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Reissued patent on Lipitor boosts Pfizer
  07 January 2009
Pfizer has been boosted by a decision in the USA which has reaffirmed the company's patent rights on the blockbuster cholesterol-lowerer Lipitor.
The US Patent & Trademark Office has accepted the company's application to correct the technical defect in the e995 enantiomer patent for atorvastatin calcium, the salt form of the active ingredient in Lipitor. This means that the Patent Office will reissue the patent once Pfizer completes "certain formalities", such as paying a fee of around $1,500.
An appeals court had originally rejected the patent in 2006, a decision which could have reduced protection on the world's best-selling drug by over a year. However, However last June, Pfizer reaching a deal with Ranbaxy Laboratories which meant that the Indian drugmaker would hold off launching its generic version of Lipitor until the end of November 2011.
Importantly the reissued patent will have "the same force and effect as the original e995 patent" and the expiration date, including the six-month paediatric exclusivity period, Pfizer noted. Spokesman Raymond Kerins claimed that "this is a very positive development, not just for Pfizer but for all those who believe that defending intellectual property is vital to supporting the enormous investments required to develop life-saving new medicines,"
He added that "we have said all along that we had strong arguments for securing the reissue of the patent, and after a vigorous and thorough examination, the Patent Office agreed with this conclusion". The reissued patent will help Pfizer in its ongoing battle to stop Canada's Apotex and Israel's Teva Pharmaceutical Industries from selling their generic versions of Lipitor before November 2011.

Pfizer: US ruling maintains Lipitor patent term
By LINDA A. JOHNSON - 13 hours ago
TRENTON, N.J. (AP) - The U.S. Patent & Trademark Office on Tuesday issued a notice allowing drugmaker Pfizer Inc. to correct a technical defect in one of the patents involving Pfizer's cholesterol medicine Lipitor, the world's top-selling drug.
The decision will result in reissuance of the drug's key patent and maintain that patent's June 2011 expiration date, crucial to Pfizer because Lipitor brings the company nearly $13 billion in annual sales.
That revenue has made the drug, and New York-based Pfizer, the target of litigation by generic drugmakers hoping to roll out cheaper versions earlier and capture part of the market for one of the top classes of drugs.
"We have said all along that we had strong arguments for securing the reissue of the patent, and after a vigorous and thorough examination, the Patent Office agreed with this conclusion," Raymond F. Kerins, vice president of worldwide communications at Pfizer, said in a statement.
Tuesday's patent office decision resulted from litigation that began after India's largest drugmaker, Ranbaxy Laboratories Ltd., in 2002 sought U.S. Food and Drug Administration approval to sell a generic version of Lipitor, which is known chemically as atorvastatin. Ranbaxy challenged both Lipitor's basic patent and a second one.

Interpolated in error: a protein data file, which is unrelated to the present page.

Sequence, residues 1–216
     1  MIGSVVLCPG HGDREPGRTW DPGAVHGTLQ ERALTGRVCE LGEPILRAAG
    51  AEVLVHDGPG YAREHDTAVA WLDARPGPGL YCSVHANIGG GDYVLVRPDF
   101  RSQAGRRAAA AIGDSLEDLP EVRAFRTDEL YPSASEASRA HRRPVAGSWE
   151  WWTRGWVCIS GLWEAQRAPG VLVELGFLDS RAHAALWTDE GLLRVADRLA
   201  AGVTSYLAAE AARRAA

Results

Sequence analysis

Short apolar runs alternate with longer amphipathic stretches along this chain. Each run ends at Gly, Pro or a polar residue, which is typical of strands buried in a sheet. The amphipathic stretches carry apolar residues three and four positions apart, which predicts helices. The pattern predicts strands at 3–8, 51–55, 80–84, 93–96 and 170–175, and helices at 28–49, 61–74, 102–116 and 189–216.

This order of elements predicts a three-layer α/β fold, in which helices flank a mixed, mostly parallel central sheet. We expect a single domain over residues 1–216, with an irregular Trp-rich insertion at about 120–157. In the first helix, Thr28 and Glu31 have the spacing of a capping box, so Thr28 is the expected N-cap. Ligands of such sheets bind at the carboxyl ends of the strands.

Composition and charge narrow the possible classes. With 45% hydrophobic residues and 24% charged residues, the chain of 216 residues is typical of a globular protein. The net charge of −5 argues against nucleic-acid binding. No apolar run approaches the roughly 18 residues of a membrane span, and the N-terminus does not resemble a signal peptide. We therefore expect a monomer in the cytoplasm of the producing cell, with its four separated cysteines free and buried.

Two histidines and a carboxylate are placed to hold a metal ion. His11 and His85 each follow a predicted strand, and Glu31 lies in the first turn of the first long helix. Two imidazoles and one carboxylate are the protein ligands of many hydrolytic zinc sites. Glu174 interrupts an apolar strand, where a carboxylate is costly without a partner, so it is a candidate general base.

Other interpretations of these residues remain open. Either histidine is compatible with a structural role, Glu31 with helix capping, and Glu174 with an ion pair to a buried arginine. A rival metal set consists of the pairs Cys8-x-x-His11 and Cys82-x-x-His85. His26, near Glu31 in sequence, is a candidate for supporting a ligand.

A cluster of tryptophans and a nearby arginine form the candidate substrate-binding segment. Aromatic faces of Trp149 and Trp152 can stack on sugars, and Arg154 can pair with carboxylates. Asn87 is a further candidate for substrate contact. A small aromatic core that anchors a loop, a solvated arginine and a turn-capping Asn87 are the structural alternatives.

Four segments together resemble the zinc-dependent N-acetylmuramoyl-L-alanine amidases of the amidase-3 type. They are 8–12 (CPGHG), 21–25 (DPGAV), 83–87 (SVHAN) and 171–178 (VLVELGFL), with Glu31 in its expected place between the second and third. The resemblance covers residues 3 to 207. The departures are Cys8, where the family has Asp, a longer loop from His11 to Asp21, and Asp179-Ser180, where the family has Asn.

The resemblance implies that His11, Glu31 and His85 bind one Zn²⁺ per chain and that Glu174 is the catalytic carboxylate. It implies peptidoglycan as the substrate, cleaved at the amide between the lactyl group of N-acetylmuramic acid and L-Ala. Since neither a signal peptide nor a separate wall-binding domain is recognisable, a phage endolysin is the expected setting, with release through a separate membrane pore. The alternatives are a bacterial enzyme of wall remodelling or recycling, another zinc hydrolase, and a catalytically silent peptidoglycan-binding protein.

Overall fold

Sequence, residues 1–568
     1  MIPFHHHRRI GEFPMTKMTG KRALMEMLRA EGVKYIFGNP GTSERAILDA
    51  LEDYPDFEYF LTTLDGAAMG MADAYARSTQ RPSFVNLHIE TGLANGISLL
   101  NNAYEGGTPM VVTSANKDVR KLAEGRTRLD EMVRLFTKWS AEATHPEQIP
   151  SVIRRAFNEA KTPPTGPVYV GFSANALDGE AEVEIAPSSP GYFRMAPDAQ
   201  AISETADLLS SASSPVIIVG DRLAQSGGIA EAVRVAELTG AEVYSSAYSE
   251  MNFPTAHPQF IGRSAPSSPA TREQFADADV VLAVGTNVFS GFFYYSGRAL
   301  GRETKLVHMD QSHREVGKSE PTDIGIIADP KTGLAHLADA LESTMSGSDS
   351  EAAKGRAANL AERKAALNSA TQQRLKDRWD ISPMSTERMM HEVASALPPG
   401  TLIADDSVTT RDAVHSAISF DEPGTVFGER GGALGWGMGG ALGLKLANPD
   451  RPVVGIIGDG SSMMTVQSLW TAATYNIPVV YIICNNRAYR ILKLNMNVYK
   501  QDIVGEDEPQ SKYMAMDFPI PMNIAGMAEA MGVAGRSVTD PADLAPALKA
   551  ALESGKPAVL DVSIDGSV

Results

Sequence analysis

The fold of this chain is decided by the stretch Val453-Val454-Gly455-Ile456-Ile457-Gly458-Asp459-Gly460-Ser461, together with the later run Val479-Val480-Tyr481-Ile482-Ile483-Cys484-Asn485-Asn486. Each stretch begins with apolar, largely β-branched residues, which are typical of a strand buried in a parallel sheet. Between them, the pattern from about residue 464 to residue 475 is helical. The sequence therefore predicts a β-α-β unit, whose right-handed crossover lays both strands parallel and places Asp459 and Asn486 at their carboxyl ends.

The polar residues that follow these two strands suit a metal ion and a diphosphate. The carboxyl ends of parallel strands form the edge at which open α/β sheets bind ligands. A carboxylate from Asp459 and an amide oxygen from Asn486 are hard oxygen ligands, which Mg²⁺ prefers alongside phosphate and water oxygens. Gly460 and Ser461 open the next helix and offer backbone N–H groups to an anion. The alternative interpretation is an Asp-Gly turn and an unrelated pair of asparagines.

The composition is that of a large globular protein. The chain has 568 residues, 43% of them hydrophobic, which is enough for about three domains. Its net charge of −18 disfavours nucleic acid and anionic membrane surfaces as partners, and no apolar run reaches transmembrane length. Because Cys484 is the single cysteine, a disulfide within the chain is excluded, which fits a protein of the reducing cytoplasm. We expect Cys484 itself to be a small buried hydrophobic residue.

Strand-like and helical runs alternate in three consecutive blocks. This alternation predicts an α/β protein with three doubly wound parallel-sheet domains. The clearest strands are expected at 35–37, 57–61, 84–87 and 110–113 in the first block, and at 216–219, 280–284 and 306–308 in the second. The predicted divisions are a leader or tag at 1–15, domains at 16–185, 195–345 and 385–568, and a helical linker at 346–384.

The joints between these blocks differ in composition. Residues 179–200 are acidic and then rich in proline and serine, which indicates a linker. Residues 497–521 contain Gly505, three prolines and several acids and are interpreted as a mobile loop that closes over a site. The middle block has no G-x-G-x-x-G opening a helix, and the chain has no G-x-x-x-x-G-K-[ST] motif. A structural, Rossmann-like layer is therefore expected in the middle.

That patent, "the '995 enantiomer patent," is one "most specifically focused on the molecule that is the active ingredient in Lipitor," according to Pfizer spokesman Chris Loder.
An enantiomer is a structural mirror image, or one of the two forms of a protein or other molecule often found in nature - a left-handed version and a right-handed version. Many drugs include both versions, but Lipitor's active ingredient is just one of those "handed" versions, with the molecule attached to a calcium salt that makes it both very stable and active. The '995 patent covers that specific structure, Loder said.
Pfizer had sued Ranbaxy to block its challenge of both patents and initially won in federal court in Delaware, but a Court of Appeals ruling in December 2006 found the '995 patent had a technical defect: one claim within it contained an improper cross reference to another claim in the patent. The following month, to resolve the issue, Pfizer applied with the patent office to correct the defect by removing the cross reference and have the patent reissued.
Two years later, the patent office ruled it will reissue the patent, as revised, if Pfizer pays a fee of $1,510 within three months.
The June 2011 expiration date includes a six-month extension of the original expiration date granted because Pfizer did research after the drug was approved to determine its safety and effectiveness in children - a standard move by drug companies to preserve revenue of their most lucrative drugs.
However, Pfizer's litigation with Ranbaxy also involved three other patents that ran through 2016 and 2017. Last June, the companies settled that lawsuit with an agreement essentially giving Ranbaxy license to those patents and allowing it to begin selling generic Lipitor as of Nov. 30, 2011. As the first company to seek FDA approval to sell a generic, it can do so for six months exclusively.
Two other generic drugmakers now in litigation with Pfizer could sell their own versions at the end of May 2012 at the earliest, but if they did so would still risk liability for violating some of the other Lipitor patents, including the ones ending in 2016 and 2017.
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